“I had been on three nonprofit boards in the past, so I’d had exposure to governance and interacting with paid staff, but I don’t think I fully appreciated all that would be asked of me as executive director, how much of a business it really is and how you have to think of it as a business. Our mission is to inspire and engage, but there are a lot of different things that need to be in place behind that—technology systems, finance, all of the requirements for grants. Besides the ‘aha’ of what a difference the arts can make in the lives of children in ways I didn’t fully appreciate before—any child—I think I didn’t realize how much is involved behind the scenes in terms of administrative work that needs to be done to make the arts possible.
“One thing I learned from banking that I brought to this job is an understanding that relationships are everything—how you deal with all the different stakeholders and how they all need something different from you. You have to learn what’s important to them and respond appropriately.
“I’ve enjoyed great support and encouragement from the board of directors. A lot of executive directors struggle with their relationship with the board, who you’re working for. But that’s always one thing that has gone well, and I’m grateful for their dedication to our mission.”
What has been the biggest challenge during your first five years?
“The pandemic upended everything for everybody. It was important to keep everybody on an even keel with the belief that somehow, someway, we would figure it out. Thanks to the creativity of the staff when schools were shut down, we produced ‘Take 10’ videos, short segments by our artists for families to watch at home with their children. It was the right thing to do—it gave artists the opportunity to practice their art form when normal opportunities weren’t available to them, so it fulfilled a need.
“At the bank, I was very involved in the commercial and residential real estate market, so I went through a lot of real estate cycles. And I realized eventually it does work out, so that gave me a little bit more confidence to say, ‘I don’t know how we’re going to do this, but if we work together as a team, we’re going to figure it out.’ That’s one advantage of being older. Having the perspective that things would work out meant there was no need to panic.”
What has been your biggest achievement?
“Our greatest achievement in the past five years is the way we’ve grown and adapted to the circumstances. We didn’t always know it would turn out well, but we deliberately took some risks, after careful consideration, that proved to be the right approach. Sometimes we had Plan A and then quickly had to switch to Plan B and it was finally Plan C or D we implemented.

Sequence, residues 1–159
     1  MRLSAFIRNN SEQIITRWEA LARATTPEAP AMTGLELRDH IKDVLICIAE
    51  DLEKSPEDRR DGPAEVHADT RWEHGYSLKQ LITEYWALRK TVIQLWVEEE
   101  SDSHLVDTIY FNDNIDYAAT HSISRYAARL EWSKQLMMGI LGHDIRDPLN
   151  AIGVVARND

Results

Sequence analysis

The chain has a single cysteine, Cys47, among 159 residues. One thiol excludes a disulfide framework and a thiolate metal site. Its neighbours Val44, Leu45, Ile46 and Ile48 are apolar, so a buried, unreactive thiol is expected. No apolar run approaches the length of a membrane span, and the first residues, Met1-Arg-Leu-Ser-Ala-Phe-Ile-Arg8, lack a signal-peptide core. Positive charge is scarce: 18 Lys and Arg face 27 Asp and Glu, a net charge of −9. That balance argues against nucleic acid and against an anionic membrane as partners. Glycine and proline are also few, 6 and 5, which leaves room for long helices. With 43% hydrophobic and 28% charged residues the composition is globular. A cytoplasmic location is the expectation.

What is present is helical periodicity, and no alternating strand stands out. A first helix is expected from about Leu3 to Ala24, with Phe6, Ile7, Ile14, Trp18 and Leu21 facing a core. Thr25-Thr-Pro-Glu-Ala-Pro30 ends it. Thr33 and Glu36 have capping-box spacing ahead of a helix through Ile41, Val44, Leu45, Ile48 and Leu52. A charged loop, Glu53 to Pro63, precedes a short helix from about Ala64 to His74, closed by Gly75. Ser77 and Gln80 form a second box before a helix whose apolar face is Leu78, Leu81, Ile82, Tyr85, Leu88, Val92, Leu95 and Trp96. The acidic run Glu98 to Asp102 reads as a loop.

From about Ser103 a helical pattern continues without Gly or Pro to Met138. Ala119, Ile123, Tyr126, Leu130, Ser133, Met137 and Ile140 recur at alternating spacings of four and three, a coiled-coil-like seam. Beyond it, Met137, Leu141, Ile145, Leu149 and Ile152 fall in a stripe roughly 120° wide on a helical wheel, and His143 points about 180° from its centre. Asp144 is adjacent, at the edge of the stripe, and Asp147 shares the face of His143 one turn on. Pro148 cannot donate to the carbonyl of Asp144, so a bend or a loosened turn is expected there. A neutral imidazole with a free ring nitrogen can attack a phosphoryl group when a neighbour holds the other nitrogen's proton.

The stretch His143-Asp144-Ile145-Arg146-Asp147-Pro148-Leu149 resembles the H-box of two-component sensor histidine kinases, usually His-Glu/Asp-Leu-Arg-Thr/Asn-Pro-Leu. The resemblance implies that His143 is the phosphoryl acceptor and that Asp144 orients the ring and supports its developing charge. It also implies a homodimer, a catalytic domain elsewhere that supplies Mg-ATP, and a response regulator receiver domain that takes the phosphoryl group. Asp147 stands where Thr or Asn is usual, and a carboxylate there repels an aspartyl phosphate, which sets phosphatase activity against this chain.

“I’m really proud of the staff and how everyone who has worked here, even the ones who have left, have left the organization better in some way. We’ve had the right people in place at the right time.”
Where would you like to see Arts for Learning in five years?
“I’d like to see us do more work outside of coastal Virginia. It would be good to figure out ways to expand our influence further outward in the state. We were getting ready to do more of that and then the pandemic hit. Now that we’re coming out of that and have built up our staff, it’s enabled us to seek out new opportunities and new relationships with other nonprofits. I think we’re focusing more on the greater community than we were able to do before and sharpening our focus upon how to best reach underserved children.
“We also want to continue to grow our board. It’s important that we have a diverse board, which I think we’ve done a pretty good job of building, but we need to look at how we continue to engage them and bring in new people as donors and volunteers.”
How have you grown as an individual in the five years you’ve served as CEO?
“I think it’s helped me be much more engaged in the larger community, raised my awareness and knowledge about social issues, and deepened my commitment to help change injustices and inequality. I’m a great believer in the importance of continuing to learn and challenging yourself through all the seasons of life. I love how this position exposes me to new ideas and a wide range of people with vastly different life experiences.
“I used to be quite reserved and shied away from asking people for money and from public speaking. But the organization is depending on me, so I’ve had to come through. I need to be the organization’s biggest cheerleader and spread the word about supporting our mission. I was actually a marketing major as an undergraduate, and that’s what I’d hoped to do. I get to do marketing all the time now, but in ways I never envisioned. Life’s come full circle.”